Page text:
Category: Mozilla

Dive Into Greasemonkey

  • Author: Mark Pilgrim
  • Format: online HTML, archived HTML, archived PDF, archived plain text, Palm OS, archived video demonstrations
  • Price: free

Greasemonkey is a Firefox extension that allows you to write scripts that alter the web pages you visit. You can use it to make a web site more readable or more usable. You can fix rendering bugs that the site owner can’t be bothered to fix themselves. You can alter pages so they work better with assistive technologies that speak a web page out loud or convert it to Braille. You can even automatically retrieve data from other sites to make two sites more interconnected.

There is a huge repository of user scripts that do all kinds of amazing things at
But Firefox isn’t the only browser that you can write these scripts for. There is also a macro for K-Meleon called GreaseMeleon, that will allow that browser to use Greasemonkey scripts, too. And there is even a way to use them in Google’s Chrome browser. (instructions)

All this is great if all you want to do is use Greasemonkey scripts, but what if you want to write your own? That’s where Dive Into Greasemonkey can help.

It takes you step-by-step from explaining what Greasemonkey is, installing it into Firefox, installing user scripts, to actually writing and debugging your own. Chock full of information that will help the beginner and expert, alike.

Dive into Greasemonkey is a valuable reference for anyone that wants to truly unleash the power of user scripts.

Chapters include:

  • What is Greasemonkey?
  • Installing Greasemonkey
  • Installing a user script
  • Managing your user scripts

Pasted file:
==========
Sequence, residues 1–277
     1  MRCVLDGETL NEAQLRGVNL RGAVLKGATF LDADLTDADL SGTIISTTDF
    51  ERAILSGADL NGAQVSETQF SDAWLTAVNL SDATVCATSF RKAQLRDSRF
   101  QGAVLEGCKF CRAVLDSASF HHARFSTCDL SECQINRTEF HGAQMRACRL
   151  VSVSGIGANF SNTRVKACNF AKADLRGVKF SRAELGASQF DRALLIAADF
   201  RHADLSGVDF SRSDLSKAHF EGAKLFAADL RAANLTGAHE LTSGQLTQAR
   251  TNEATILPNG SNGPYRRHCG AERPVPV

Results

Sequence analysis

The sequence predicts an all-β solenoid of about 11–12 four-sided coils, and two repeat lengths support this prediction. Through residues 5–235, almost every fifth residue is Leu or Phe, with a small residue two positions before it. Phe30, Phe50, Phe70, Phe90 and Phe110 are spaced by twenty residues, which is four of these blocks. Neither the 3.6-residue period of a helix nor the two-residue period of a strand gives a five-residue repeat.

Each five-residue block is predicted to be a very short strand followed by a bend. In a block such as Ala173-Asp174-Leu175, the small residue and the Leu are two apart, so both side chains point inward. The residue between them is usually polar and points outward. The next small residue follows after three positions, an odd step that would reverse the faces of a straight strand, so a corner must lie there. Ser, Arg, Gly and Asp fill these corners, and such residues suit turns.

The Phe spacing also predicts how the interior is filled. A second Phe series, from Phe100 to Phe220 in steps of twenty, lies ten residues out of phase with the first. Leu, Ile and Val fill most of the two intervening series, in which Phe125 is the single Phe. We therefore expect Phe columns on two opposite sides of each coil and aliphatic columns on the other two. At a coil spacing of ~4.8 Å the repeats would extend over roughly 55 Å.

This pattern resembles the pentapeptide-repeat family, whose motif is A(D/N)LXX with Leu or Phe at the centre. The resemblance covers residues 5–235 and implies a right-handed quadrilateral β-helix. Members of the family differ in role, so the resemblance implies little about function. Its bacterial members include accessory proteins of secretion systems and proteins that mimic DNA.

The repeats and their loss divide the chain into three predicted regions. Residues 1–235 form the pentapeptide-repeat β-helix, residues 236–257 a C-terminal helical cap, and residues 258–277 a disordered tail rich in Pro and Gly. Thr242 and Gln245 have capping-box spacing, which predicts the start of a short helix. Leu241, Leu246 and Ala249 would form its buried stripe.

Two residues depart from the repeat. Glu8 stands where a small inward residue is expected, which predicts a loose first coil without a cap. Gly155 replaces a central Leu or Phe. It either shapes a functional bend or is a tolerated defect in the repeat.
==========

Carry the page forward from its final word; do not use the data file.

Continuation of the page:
• Hello World
  • Describing your user script with metadata
  • Coding your user script
  • Editing your user script
  • Debugging User Scripts
  • Tracking crashes with JavaScript Console
  • Logging with GM_log
  • Inspecting elements with DOM Inspector
  • Evaluating expressions with Javascript Shell
  • Other debugging tools
  • Executing a user script on a domain and all its subdomains
  • Testing whether a Greasemonkey function is available
  • Testing whether a page includes an HTML element
  • Doing something for every HTML element
  • Doing something for every instance of a specific HTML element
  • Doing something for every element with a certain attribute
  • Inserting content before an element
  • Inserting content after an element
  • Removing an element
  • Replacing an element with new content
  • Inserting complex HTML quickly
  • Adding images without hitting a central server
  • Adding CSS styles
  • Getting an element’s style
  • Setting an element’s style
  • Post-processing a page after it renders
  • Matching case-insensitive attribute values
  • Getting the current domain name
  • Rewriting links
  • Redirecting pages
  • Intercepting user clicks
  • Overriding a built-in Javascript method
  • Parsing XML
  • Case Studies
  • Case study: GMail Secure
  • Case study: Bloglines Autoload
  • Case study: Ain’t It Readable
  • Case study: Offsite Blank
  • Case study: Dumb Quotes
  • Case study: Frownies
  • Case study: Zoom Textarea
  • Case study: Access Bar
  • Storing and retrieving persistent data
  • Adding items to the menubar
  • Integrating data from other sites
  • Compiling your user script into an extension
  • Greasemonkey API Reference
  • GM_log – log messages to the JavaScript Console
  • GM_getValue – get script-specific configuration value
  • GM_setValue – set script-specific configuration value
  • GM_registerMenuCommand – add a menu item to the User Script Commands submenu
  • GM_xmlhttpRequest – make an arbitrary HTTP request
  • List of “further reading” links
  • List of tips
  • List of examples
  • List of procedures

Visit: Dive Into Greasemonkey

Creating Applications with Mozilla

My image
  • Author: David Boswell, Brian King, Ian Oeschger, Pete Collins, Eric Murphy
  • Format: online HTML
  • Price: free

Mozilla is not just a browser. Mozilla is also a framework that allows developers to create cross-platform applications. This framework is made up of JavaScript, CSS (Cascading Style Sheets), and Mozilla’s XUL (XML-based User-interface Language) as well as the Gecko rendering engine, XBL (eXtensible Binding Language), XPCOM (Mozilla’s component model), and several other components.